• [0320]
    When the polarity of the sustaining voltage pulse Vp is reversed, the inductor L of the power recovery section 4 resonates with the panel capacitance Cp of the PDP 20 as described above. The resonance reverses the polarity of the sustaining voltage pulse Vp with almost no dissipation. As a result, the reactive power caused by the charging and discharging of the panel capacitance Cp of the PDP 20 is reduced.
  • [0321]
    Thus, in the PDP driver according to Embodiment 9 of the invention, the power recovery section 4 functions and produces the effects similarly to that according to Embodiment 4.
  • EMBODIMENT 10
  • [0322]
    In the PDP driver according to Embodiment 5 of the invention (cf. FIG. 14), the power recovery sections 4Y and 4X each include the circuitry similar to that according to Embodiment 9, instead of that shown in FIG. 15. See FIGS. 21 and 22. Here, the other components except for the power recovery sections 4Y and 4X are similar to those according to Embodiment 5. See FIGS. 14 and 15. In FIG. 22, the components similar to the components shown in FIGS. 15 and 21 are marked with the same reference symbols as the reference symbols shown in FIGS. 15 and 21. Furthermore, for the details of the similar components, the explanation about Embodiments 5 and 9 is cited.
  • [0323]
    The secondary windings 2 bY and 2 bX of the two transformers 2Y and 2X are connected to each other, for example, with opposite polarities as shown in FIG. 22. In that case, the control section 34 (cf. FIG. 14) maintains the switching operations of the two sustaining pulse generating sections 1Y and 1X and the switching operations of the two power recovery sections 4Y and 4X substantially in phase.
  • [0324]
    Aside from the example shown in FIG. 22, the secondary winding 2 bY and 2 bX of the two transformers 2Y and 2X may be connected to each other with the same polarity. In that case, the control section 34 maintains the switching operations of the two sustaining pulse generating sections 1Y and 1X and the switching operations of the power recovery sections 4Y and 4X substantially in opposite phase.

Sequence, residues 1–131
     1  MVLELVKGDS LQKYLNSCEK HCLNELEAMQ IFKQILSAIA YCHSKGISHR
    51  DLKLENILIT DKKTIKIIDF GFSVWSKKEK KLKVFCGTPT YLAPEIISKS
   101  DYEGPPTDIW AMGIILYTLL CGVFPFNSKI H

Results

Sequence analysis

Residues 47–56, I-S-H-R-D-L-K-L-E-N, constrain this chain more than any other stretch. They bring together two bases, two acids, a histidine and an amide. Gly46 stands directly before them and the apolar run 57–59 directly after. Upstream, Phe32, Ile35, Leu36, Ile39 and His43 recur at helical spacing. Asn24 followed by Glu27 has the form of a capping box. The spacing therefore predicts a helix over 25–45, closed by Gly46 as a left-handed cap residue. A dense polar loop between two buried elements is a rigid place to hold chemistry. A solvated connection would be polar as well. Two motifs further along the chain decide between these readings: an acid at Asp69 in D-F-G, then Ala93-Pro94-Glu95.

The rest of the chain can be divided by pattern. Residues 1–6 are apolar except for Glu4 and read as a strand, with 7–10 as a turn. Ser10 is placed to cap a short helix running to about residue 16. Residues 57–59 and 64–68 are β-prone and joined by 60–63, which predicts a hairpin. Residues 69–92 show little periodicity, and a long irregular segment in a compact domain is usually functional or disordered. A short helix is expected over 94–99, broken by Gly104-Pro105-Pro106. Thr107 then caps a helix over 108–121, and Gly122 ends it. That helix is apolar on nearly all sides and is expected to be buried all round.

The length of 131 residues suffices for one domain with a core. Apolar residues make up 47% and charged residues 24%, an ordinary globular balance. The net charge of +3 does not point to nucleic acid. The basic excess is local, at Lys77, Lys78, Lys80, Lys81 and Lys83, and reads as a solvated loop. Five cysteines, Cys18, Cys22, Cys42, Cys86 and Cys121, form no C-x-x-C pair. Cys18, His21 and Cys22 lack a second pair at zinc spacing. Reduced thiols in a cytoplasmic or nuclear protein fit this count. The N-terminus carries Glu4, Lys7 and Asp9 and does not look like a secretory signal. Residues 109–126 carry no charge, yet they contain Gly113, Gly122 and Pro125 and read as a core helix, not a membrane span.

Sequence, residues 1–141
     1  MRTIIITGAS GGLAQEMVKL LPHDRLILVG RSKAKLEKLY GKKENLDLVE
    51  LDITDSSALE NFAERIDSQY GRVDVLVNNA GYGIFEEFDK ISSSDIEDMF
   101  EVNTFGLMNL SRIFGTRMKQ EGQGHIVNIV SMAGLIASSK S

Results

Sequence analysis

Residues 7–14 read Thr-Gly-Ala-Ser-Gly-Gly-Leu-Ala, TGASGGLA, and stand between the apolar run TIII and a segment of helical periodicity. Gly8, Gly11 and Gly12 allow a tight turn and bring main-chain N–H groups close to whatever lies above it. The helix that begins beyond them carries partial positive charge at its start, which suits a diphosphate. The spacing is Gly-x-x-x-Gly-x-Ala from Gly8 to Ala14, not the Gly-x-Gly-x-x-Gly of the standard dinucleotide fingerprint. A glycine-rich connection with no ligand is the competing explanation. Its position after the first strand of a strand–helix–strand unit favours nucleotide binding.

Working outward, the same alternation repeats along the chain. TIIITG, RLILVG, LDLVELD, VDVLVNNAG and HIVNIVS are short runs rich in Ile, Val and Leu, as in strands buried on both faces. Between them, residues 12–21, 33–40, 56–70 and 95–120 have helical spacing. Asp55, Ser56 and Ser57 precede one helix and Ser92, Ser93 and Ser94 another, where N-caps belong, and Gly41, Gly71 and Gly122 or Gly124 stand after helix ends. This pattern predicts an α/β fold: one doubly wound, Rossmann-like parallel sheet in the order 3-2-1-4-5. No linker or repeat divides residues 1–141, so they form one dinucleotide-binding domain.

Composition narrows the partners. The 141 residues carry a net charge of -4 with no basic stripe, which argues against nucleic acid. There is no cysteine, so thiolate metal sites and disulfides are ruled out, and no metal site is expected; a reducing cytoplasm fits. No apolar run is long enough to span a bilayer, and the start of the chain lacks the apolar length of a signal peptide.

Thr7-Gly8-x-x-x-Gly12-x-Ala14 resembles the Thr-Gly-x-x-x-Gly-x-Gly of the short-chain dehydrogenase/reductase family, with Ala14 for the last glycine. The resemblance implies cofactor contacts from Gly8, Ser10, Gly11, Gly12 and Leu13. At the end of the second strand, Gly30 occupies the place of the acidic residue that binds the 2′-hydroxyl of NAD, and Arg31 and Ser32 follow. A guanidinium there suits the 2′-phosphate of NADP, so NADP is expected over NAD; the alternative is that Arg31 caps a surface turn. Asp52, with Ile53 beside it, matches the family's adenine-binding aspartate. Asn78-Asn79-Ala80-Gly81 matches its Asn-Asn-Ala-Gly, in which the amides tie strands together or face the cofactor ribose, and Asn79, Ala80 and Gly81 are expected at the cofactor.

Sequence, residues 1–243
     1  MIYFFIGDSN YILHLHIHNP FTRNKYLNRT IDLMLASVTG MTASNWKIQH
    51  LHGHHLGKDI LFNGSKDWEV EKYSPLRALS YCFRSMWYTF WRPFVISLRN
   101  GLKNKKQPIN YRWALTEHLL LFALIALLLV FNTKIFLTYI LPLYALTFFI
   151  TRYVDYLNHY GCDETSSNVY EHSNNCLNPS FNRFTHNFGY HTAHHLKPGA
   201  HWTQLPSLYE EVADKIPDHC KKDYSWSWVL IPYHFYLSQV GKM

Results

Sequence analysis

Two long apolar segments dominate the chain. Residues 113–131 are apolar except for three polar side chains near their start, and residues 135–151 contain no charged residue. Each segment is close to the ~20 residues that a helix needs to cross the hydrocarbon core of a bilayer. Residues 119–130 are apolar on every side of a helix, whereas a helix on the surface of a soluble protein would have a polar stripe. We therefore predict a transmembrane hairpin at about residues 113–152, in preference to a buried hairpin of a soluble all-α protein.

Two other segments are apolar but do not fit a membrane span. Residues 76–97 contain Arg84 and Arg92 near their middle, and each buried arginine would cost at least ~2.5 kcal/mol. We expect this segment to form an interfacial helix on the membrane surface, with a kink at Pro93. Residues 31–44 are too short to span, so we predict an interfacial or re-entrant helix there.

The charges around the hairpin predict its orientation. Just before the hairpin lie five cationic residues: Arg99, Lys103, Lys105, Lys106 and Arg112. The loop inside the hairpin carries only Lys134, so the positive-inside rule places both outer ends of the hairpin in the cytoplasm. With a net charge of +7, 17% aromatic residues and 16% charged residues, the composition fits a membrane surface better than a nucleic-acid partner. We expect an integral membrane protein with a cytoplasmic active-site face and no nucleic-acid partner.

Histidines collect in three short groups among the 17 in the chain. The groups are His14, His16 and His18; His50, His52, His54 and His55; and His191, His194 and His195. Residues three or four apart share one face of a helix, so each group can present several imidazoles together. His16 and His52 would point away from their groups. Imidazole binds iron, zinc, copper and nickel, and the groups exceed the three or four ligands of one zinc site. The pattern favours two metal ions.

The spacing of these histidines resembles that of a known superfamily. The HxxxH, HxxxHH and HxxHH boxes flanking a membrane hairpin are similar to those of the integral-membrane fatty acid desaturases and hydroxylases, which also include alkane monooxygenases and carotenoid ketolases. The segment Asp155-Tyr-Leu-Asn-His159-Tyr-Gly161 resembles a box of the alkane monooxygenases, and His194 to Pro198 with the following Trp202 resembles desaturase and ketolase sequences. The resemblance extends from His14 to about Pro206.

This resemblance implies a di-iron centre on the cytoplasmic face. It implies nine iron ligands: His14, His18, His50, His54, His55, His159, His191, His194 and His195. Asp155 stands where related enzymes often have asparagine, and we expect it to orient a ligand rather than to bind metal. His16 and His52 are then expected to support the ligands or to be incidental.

• [0325]
    The two sustaining pulse generating sections 1Y and 1X and the two power recovery sections 4Y and 4X perform the switching operations in common with the switching operations of the sustaining pulse generating section 1 and the power recovery section 4 according to Embodiment 9. Accordingly, the potential changes of the scan and sustain electrodes Y and X of the PDP 20 are maintained in opposite phase. Therefore, the sustaining voltage pulse Vp applied between the scan and sustain electrodes Y and X is similar to that according to Embodiment 9. In particular, the inductors L of the power recovery sections 4Y and 4X simultaneously resonate with the panel capacitance Cp of the PDP 20 at every rise and fall of the sustaining voltage pulse Vp. Power is efficiently exchanged between the inductors L and the panel capacitance Cp due to those resonances. As a result, the reactive power caused by the charging and discharging of the panel capacitance Cp is reduced.
  • [0326]
    Aside from the above-described, the control section 34 may delay the phase of the switching operations of the second sustaining pulse generating section 1X and the second power recovery section 4X with respect to the phase of the switching operations of the first sustaining pulse generating section 1Y and the first power recovery section 4Y. See FIG. 16. Thereby, the inductors L of the power recovery sections 4Y and 4X alternately resonate with the panel capacitance Cp of the PDP 20 at every rise and fall of the sustaining voltage pulse Vp. Power is efficiently exchanged between the two inductors L and the panel capacitance Cp due to those resonances. As a result, the reactive power caused by the charging and discharging of the panel capacitance Cp is reduced.
  • [0327]
    In the PDP driver according to Embodiment 10 of the invention as described above, the power recovery sections 4Y and 4X function and produce the effects similarly to those according to Embodiment 5.
  • [0328]
    Also in the PDP driver according to Embodiment 6 of the invention (cf. FIG. 17), similarly to the driver according to Embodiment 5, the two power recovery sections 4A and 4B each include the circuitry similar to that according to Embodiment 9, instead of that shown in FIG. 18. See FIG. 21. Here, the other components except for the power recovery sections 4A and 4B are similar to those according to Embodiment 6. See FIGS. 17 and 18. The control section 35 (cf. FIG. 17) in particular maintains the switching operations of the two sustaining pulse generating sections 1A and 1B, and the switching operations of the two power recovery sections 4A and 4B in phase (or opposite phase). Thereby, the two power recovery sections 4A and 4B function and produce the effects similarly to those according to Embodiment 6.
  • EMBODIMENT 11